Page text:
I’m moving on.
I’ve spent the last decade-plus in the midst of a sad and frustrating polarization. In other posts, I’ve talked about it as the Emergent-Resurgence polarization. It’s the newest episode in a long series of polarization-episodes. We, Christians, are Academy Award winners in the Polarization Genre. Best debates. Best books. Best blogs. Best condemnations. Best wars. Best schisms. Best denominational debates.
Recently, I realized that I was being emotionally-tugged into its black hole. That’s what this polarizing debate does, after all. It sucks you in.
Anne Rice quit organized Christian religion because of it. It tires many. It energizes many others. Having taught in both conservative and liberal seminaries, I’m aware of both ditches. But I get too emotionally involved. I find myself triggered by what seems to me to be crazy-talk.
I’ve been slowly trying to wean myself of this. I’ll admit it. I’m drawn in to the craziness. So are many of you. I see the tweets and get the emails, but sadly I’m not often wise or courageous enough to maturely move through and beyond them…
I decided to do my degrees in counseling and psychology not just to figure myself out (that’s almost impossible, and even frightening!), but to better understand the complex and dysfunctional world in which I live. In my best moments, my calling is clear – to help men and women live more spiritually and emotionally healthy lives, which in turn propels them into mission – into the lives of others with great faithfulness. In my worst moments, I’m tired, cynical, sarcastic, embarrassed of myself and other Christians, and ready to throw in the towel.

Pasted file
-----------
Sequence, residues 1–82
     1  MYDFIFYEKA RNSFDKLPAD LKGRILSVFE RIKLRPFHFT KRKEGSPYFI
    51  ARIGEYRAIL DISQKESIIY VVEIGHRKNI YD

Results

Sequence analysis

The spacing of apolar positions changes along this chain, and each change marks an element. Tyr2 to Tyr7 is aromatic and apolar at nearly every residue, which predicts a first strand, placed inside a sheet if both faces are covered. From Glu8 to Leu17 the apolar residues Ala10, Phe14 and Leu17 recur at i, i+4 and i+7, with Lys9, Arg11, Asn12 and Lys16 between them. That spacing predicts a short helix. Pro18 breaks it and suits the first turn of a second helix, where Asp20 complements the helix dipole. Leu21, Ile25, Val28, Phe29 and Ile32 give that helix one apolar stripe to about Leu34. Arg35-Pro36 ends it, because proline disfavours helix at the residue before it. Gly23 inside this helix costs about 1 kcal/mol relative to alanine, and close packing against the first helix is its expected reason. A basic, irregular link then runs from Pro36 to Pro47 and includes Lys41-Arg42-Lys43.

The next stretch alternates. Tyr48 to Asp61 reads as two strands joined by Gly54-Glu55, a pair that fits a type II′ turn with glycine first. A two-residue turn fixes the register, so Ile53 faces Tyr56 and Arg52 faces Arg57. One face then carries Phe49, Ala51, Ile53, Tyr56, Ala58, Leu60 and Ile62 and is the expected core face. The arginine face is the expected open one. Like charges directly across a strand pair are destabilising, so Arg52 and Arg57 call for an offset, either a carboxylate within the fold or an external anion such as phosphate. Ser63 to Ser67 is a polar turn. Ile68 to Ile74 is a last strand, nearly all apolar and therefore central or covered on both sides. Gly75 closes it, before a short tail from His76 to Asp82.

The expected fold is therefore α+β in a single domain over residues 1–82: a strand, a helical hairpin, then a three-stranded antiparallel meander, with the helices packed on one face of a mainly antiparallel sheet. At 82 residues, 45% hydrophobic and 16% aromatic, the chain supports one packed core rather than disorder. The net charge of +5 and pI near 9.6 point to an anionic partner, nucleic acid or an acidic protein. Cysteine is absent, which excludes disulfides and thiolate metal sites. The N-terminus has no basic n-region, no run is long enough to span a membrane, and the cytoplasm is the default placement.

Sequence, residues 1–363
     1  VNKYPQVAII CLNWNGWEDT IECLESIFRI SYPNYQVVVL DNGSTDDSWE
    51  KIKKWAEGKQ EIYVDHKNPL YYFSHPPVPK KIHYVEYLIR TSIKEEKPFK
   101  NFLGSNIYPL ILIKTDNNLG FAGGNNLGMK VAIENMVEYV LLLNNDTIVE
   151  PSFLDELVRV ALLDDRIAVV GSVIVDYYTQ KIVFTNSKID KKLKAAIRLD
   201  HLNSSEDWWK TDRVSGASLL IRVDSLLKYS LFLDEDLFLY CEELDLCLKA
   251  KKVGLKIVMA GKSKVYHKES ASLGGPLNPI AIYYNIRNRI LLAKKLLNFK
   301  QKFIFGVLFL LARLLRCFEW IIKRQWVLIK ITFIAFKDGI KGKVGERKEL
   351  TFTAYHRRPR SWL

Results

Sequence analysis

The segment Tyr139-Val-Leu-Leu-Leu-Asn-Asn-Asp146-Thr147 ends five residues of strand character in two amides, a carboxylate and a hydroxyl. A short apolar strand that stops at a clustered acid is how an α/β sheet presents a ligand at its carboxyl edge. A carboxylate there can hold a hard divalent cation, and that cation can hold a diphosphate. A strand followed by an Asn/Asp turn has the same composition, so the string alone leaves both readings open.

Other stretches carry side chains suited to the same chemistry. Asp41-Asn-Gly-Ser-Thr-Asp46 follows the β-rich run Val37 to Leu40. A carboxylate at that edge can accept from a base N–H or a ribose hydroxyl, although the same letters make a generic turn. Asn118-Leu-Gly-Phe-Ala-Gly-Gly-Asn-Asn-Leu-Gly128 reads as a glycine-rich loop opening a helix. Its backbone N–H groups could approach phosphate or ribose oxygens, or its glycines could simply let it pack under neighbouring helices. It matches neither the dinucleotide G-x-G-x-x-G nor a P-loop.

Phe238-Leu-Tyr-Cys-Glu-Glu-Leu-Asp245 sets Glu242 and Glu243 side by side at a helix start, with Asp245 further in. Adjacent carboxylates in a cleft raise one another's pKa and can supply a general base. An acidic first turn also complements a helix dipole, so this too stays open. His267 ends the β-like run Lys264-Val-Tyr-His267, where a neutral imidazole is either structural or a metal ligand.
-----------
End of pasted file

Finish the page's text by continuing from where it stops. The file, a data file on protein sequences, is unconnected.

In recent days, I’ve plowed back in to the personal baggage of my own life, and seen my own dark recesses. More importantly, I find myself drawn back to the center – God, in me, whispering the truth – “You are my beloved.” This penetrates through the bitterness and cynicism. It reveals my own crap, helps me to own it (repent), and propels me to move beyond it. That’s where I am right now.
I am deeply troubled by what I see in me, but also what I see around me in both fundamentalist/evangelical circles and in liberal/progressive circles. I’m grieved by the division. Jesus said in John 17, “Holy Father, protect them in your name that you have given me, so that they may be one, as we are one.”
We are not one.
My deeper passion, personally, is to help men and women heal the dividedness in their own souls. I really do believe that healing this divideness is a very big key to a more profound healing between men and women. Throughout Lent, I will be praying through this, blogging about it, and working toward a next book I hope to write that I am calling “The Mission of God’s Beloved.”
Only as we realize that we are the Beloved can we possibly move toward others with compassion instead of caricatures.
I’ll only continue to write as I do the hard work of doing business with my own inner dividedness. Thankfully, I’m in a community and among people who demand more from me.
The Mission of God’s Beloved…
Let’s reflect on this throughout Epiphany and Lent, and into Holy Week.